Recycled – Freezing Asparagus: What I’ve Learned

March 30, 2012 at 9:00 am

Editor’s note: Amazingly, we think you’ll start finding asparagus in the Chicago area in March.   If you cannot eat your asparagus as you buy it, you may want to freeze it.  A few years ago, Local Beet c0-founder, Michael Morowitz, contributed this report on lessons he learned on freezing asparagus.

One year ago, fresh off the purchase of my new chest freezer and Foodsaver(tm) vacuum sealer, I found myself anxious to take home a springtime haul from the farmers market and get it into the deep freeze for winter local eating. I thought that it made the most sense to buy a large quantity of something  I really liked. Buying in bulk helped me bargain for a better price (making my haul very competitive with supermarket prices) and gave me some economies of scale during the labor of blanching, chilling, tray freezing, packing and sealing.

So, about eight pounds of asparagus came home with me and found their way to the chest freezer.

This past winter, I started breaking out these packages and quickly learned that thawed asparagus (one of my favorite vegetables) isn’t good for much. It gets very stringy and doesn’t maintain much good structure. I decided that my mountain of frozen stalks would only be useful as a puree. Sadly, my stick blender wasn’t up to the task (it yielded a mucus-like texture). The full-size blender had to be used to make a smooth, even puree.

So, what to do with 8lbs. of asparagus puree? A lot of soup. Homemade chicken stock with asparagus puree and a little milk or cream makes a nice soup. Paired with a winter salad and some hearty bread, it made many nice winter meals.  A couple other options I came up with: mash and mix with cheese for a ravioli filling, stir into risotto, or sneak it into the toddlers’ beloved smoothies.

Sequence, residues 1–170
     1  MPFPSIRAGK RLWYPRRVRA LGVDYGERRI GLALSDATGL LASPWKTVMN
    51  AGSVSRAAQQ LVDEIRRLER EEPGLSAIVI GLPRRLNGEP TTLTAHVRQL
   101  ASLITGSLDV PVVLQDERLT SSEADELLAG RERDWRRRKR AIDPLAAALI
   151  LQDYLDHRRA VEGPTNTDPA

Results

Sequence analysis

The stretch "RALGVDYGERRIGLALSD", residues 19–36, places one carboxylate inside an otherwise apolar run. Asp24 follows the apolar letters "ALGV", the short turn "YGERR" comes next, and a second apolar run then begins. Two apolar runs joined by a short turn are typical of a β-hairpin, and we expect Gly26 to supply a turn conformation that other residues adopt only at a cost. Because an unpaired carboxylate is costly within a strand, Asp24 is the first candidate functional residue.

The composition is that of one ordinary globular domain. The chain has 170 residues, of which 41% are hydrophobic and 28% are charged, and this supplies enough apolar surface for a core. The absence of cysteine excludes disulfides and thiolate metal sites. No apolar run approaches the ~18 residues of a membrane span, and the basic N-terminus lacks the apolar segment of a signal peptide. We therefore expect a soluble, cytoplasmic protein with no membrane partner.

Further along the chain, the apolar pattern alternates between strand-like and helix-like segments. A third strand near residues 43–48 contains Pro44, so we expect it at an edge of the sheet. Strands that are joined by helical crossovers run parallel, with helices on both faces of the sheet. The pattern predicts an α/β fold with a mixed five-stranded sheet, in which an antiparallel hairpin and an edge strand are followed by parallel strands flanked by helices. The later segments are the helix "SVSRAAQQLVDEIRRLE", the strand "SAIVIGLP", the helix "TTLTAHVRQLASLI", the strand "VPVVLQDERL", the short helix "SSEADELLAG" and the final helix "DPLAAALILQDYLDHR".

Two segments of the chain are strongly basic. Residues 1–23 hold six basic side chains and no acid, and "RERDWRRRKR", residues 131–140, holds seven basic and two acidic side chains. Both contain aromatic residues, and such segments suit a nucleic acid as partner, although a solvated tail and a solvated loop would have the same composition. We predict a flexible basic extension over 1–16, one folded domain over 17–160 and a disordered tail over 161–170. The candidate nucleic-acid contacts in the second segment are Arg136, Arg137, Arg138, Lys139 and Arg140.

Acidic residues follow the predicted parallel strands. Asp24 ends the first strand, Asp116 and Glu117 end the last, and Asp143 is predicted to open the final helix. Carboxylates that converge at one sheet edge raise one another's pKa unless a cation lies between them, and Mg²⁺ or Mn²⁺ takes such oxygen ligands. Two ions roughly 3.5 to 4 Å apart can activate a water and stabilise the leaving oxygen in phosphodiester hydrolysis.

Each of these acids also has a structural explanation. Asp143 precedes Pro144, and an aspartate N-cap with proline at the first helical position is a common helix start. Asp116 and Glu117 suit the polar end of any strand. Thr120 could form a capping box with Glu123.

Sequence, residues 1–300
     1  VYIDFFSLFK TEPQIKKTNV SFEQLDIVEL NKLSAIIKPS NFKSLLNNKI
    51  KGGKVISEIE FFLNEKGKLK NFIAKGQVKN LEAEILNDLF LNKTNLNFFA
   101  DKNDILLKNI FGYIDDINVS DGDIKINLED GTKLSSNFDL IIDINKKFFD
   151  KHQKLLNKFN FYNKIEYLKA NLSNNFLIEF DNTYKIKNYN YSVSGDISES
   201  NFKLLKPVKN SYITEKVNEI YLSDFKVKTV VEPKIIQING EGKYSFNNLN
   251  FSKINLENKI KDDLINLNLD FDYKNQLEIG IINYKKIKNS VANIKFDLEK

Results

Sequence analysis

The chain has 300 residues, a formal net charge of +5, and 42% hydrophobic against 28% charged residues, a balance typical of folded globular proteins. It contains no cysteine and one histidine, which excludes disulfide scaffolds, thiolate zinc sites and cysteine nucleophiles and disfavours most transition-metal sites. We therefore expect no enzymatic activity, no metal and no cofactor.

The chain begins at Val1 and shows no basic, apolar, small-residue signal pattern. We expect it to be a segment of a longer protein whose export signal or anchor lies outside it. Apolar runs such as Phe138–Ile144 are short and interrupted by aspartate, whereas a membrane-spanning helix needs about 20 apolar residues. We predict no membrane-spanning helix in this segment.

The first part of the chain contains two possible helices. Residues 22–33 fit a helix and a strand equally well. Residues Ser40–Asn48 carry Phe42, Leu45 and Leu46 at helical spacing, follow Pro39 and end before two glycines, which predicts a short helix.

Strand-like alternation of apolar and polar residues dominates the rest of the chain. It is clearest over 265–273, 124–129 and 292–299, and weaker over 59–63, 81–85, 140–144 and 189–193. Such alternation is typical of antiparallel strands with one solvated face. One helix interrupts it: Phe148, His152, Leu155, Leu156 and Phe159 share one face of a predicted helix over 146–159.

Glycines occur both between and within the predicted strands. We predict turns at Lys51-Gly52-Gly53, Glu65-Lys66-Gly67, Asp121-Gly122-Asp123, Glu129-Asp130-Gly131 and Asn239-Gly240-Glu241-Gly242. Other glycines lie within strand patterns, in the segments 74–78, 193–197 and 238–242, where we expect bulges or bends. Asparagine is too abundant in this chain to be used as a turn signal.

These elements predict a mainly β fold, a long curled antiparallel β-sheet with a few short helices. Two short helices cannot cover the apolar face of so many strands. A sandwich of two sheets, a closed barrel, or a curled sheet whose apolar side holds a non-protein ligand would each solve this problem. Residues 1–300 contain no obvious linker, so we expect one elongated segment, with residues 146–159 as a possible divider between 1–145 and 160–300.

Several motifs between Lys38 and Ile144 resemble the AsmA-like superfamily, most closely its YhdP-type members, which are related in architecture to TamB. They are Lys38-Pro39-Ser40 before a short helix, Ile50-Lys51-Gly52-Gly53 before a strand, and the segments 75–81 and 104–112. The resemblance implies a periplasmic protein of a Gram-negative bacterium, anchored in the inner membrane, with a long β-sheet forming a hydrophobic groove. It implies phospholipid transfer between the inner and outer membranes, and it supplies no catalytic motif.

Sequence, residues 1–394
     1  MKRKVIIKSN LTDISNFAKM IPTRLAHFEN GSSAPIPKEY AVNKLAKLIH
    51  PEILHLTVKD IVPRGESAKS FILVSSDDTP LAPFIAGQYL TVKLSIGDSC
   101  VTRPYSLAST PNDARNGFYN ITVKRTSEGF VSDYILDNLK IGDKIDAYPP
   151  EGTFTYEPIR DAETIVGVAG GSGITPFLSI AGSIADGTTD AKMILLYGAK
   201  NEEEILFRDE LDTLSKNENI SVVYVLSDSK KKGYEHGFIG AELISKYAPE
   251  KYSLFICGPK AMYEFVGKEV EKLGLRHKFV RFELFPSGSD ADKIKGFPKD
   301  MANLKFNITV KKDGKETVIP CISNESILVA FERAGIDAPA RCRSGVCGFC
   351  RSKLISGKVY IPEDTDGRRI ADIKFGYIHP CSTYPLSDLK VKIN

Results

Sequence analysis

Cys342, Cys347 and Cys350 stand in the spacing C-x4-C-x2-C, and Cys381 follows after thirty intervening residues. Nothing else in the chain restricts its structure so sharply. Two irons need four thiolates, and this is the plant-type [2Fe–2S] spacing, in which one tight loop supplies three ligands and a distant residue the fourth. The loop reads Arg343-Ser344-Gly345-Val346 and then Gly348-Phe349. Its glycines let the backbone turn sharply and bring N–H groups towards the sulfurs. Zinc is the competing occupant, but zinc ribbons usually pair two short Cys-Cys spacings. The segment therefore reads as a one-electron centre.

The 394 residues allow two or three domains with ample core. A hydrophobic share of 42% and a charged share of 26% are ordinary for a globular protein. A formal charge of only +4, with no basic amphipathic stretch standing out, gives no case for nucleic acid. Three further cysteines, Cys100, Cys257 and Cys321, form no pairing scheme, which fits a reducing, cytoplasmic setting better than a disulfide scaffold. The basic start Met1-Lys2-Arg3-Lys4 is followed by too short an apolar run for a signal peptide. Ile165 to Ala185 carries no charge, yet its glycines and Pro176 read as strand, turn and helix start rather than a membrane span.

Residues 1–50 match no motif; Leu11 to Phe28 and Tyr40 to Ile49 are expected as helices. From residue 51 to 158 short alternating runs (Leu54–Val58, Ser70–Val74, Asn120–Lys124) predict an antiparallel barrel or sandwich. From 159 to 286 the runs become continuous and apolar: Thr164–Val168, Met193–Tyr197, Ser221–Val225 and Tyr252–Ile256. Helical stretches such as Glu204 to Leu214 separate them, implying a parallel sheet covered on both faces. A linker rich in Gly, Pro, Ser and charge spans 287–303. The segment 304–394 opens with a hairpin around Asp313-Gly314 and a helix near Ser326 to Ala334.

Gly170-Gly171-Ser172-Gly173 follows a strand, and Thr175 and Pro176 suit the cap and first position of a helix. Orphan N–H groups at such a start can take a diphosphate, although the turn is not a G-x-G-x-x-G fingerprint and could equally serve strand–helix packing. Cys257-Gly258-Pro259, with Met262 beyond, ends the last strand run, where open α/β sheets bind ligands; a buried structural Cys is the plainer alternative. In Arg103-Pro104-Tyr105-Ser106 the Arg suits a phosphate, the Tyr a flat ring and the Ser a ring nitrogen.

I suppose a little googling would have quickly revealed that asparagus didn’t make a good freezing vegetable, but some lessons it’s good to learn on your own. I would have much preferred ten jars of pickled asparagus than ten packages of the frozen stuff.

Will I freeze any this year? I might freeze a package or two of puree for soup or risotto next winter, but not too much. I’m going to direct my freezing energies in a different directions this spring.



  1. Xan says:

    I bet it would make a nice baba ganoush!

    • Michael Morowitz says:

      But it isn’t roasted eggplant!

      If you just mean that the veggie puree would make a good dip for bread or other veggies, I’d say maybe. The asparagus was barely cooked and the puree, on its own doesn’t have much depth of flavor. Perhaps mixed with a cheese, I could have fashioned some sort of dip, but in terms of feeding the family, I don’t have much use for dips.

  2. Melissa says:

    While I don’t freeze whole asparagus, I freeze the trimmings. You can use the same way as you’ve done in this post and you use up your “waste.”

  3. Russell Lewis says:

    The best (really only) way to freeze asparagus and have them remain edible in their original form is to blanch them for a minute or two or three, depending on size, plunge in cold water to stop the cooking and dry and then vacuum seal and freeze. Makes a world of difference.

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